A United Airlines Boeing 737-800 and a United Airlines A320 Airbus approaching San Francisco International Airport, San Francisco.
Louis Nastro | Reuters
United Airlines CEO said Sunday that any recovery in the aviation industry will have to wait for a Covid-19 vaccine to be approved and widely available. This is a milestone that the company is expected to reach by the end of 2021.
"I hope that happens sooner, but we expect it to be the end of next year," said Scott Kirby during an interview on CBS's Face the Nation.
Kirby's comments are in line with Dr. Anthony Fauci, one of the country's leading infectious disease experts. However, they stand in contrast to recent statements by President Donald Trump, who has suggested that the US get back to normal soon as he campaigns for a second term ahead of the November contest against Democrat Joe Biden.
The coronavirus pandemic has devastated the aviation industry, virtually paralyzed business travel, prevented US citizens from traveling internationally, and restricted vacation travel.
Kirby said that barring new federal laws, United will be forced to lay off 16,000 workers as early as next month after the existing funds allocated in March run out. He said that if sales fell 85%, the company continues to burn $ 25 million a day.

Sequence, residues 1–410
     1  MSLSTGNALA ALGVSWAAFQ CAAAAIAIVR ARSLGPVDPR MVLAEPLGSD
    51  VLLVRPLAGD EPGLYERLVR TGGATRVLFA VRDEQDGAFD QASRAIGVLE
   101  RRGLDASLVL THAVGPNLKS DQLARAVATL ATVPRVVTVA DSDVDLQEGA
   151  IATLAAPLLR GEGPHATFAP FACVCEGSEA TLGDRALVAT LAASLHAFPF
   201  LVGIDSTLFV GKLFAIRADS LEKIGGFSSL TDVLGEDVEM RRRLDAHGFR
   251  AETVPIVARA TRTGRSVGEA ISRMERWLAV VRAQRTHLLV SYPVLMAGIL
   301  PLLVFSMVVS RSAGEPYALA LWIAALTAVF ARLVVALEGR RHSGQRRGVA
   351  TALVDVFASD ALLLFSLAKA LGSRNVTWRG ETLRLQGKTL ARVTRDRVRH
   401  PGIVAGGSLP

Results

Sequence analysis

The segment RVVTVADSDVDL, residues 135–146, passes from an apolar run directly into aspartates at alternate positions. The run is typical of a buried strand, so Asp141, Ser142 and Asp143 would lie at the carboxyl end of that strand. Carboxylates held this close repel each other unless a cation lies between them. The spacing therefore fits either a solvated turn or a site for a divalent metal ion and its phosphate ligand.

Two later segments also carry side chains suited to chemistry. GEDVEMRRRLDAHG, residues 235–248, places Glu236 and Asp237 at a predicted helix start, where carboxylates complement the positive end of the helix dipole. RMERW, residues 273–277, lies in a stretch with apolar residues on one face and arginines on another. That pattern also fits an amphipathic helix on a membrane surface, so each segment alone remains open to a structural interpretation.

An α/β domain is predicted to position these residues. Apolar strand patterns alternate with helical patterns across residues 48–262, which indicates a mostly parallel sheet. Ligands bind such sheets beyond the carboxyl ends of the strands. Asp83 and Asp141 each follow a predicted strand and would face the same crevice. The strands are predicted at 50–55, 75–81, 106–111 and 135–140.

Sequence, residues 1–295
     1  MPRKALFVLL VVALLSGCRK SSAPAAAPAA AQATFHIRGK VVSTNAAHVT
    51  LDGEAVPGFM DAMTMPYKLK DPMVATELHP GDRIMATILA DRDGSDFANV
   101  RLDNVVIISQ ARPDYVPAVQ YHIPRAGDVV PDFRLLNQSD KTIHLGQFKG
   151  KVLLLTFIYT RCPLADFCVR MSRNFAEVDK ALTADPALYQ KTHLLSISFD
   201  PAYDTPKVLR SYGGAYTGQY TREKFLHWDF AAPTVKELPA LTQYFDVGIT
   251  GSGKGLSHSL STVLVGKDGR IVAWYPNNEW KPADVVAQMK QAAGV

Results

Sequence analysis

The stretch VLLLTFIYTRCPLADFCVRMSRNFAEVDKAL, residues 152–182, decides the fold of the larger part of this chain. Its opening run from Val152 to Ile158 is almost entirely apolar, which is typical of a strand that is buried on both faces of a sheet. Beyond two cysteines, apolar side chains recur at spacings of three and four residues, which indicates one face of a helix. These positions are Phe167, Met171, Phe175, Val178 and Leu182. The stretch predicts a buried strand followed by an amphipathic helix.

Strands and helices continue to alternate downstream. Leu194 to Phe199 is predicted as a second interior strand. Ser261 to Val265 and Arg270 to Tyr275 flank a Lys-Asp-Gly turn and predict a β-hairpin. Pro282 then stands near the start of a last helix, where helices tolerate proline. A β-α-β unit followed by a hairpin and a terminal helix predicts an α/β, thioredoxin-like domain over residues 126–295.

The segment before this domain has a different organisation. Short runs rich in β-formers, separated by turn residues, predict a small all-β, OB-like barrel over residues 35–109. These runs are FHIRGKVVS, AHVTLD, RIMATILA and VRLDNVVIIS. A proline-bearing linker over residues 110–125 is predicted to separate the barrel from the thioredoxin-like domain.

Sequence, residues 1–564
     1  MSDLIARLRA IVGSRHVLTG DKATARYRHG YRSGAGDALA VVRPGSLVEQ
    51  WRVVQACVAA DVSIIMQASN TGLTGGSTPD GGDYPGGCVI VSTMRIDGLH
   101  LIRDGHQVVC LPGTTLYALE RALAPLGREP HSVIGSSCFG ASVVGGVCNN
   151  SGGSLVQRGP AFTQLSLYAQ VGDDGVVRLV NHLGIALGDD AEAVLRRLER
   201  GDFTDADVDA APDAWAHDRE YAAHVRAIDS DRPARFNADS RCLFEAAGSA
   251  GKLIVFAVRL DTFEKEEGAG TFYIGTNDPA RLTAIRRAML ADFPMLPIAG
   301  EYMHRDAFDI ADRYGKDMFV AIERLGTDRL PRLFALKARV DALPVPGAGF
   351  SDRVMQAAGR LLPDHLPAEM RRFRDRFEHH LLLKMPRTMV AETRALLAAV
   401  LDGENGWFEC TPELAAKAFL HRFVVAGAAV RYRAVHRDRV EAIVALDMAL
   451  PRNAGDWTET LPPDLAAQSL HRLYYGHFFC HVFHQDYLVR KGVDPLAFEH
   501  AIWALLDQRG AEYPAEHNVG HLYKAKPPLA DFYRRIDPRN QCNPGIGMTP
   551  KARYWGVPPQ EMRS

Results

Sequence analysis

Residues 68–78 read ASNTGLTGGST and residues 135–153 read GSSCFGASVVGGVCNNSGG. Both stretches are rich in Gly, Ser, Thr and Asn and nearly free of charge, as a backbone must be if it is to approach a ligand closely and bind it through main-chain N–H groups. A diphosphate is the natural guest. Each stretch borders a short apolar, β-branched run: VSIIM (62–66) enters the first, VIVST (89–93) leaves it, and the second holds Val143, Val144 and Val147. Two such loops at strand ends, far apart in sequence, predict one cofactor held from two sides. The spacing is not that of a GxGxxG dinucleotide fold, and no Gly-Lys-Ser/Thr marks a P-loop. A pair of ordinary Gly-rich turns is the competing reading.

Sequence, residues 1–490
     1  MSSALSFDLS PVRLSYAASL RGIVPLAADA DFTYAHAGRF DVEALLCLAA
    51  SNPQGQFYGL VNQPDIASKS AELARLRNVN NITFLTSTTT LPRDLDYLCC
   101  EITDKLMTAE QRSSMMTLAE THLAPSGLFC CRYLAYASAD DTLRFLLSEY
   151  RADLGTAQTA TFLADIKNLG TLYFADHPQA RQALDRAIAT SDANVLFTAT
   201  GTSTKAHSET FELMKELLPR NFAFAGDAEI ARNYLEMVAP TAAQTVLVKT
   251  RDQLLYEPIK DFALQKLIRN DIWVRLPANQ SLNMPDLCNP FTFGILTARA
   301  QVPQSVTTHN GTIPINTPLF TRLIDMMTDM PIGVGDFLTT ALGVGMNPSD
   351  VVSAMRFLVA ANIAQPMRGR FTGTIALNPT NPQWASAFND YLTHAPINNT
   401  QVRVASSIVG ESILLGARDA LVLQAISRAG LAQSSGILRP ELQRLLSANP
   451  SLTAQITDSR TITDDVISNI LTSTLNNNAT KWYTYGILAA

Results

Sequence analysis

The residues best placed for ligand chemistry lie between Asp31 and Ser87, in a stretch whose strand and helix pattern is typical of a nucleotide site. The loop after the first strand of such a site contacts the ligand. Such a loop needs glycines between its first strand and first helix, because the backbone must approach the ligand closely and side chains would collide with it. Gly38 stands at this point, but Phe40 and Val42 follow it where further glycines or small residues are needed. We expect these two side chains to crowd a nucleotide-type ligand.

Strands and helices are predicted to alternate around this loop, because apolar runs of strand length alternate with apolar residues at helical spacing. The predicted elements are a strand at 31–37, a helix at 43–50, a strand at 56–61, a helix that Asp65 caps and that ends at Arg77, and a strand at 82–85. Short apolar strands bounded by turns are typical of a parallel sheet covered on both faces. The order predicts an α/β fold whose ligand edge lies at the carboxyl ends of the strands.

"In a business like ours, demand won't rise until people feel safe being with other people, and that requires a vaccine," Kirby said. "And that's just the reality. Some companies can recover sooner, but in aviation and in all of the industries we support, it will take longer."
It is unlikely that a new Covid-19 bailout law will be published before October. Republicans and Democrats are bogged down on the level of government support for the unemployed and community funding. Last week, an attempt by the GOP to pass a so-called "thin" auxiliary bill failed in the Senate, where the party holds a majority.
"The reality is that without further government support to the whole economy, there will be more layoffs," said Kirby.
The timing of approval and distribution of the Covid-19 vaccine remains uncertain, depending on the results of clinical studies. US regulators have yet to approve a vaccine as safe and effective, although there are a number of candidates late in the process.
Trump has suggested that a vaccine could be approved before Election Day, November 3rd, leading to allegations by Democrats that he is politicizing the scientific process. Trump said Thursday that the US would "go around the corner" because of the pandemic.
Experts, including Fauci, said it was possible for a vaccine to be approved by the end of the year, and possibly even by November, but warned it will take longer for the country to return to normal.
In an interview on MSNBC on Friday, Fauci said the return to normal could take "well into 2021, maybe even towards the end of 2021".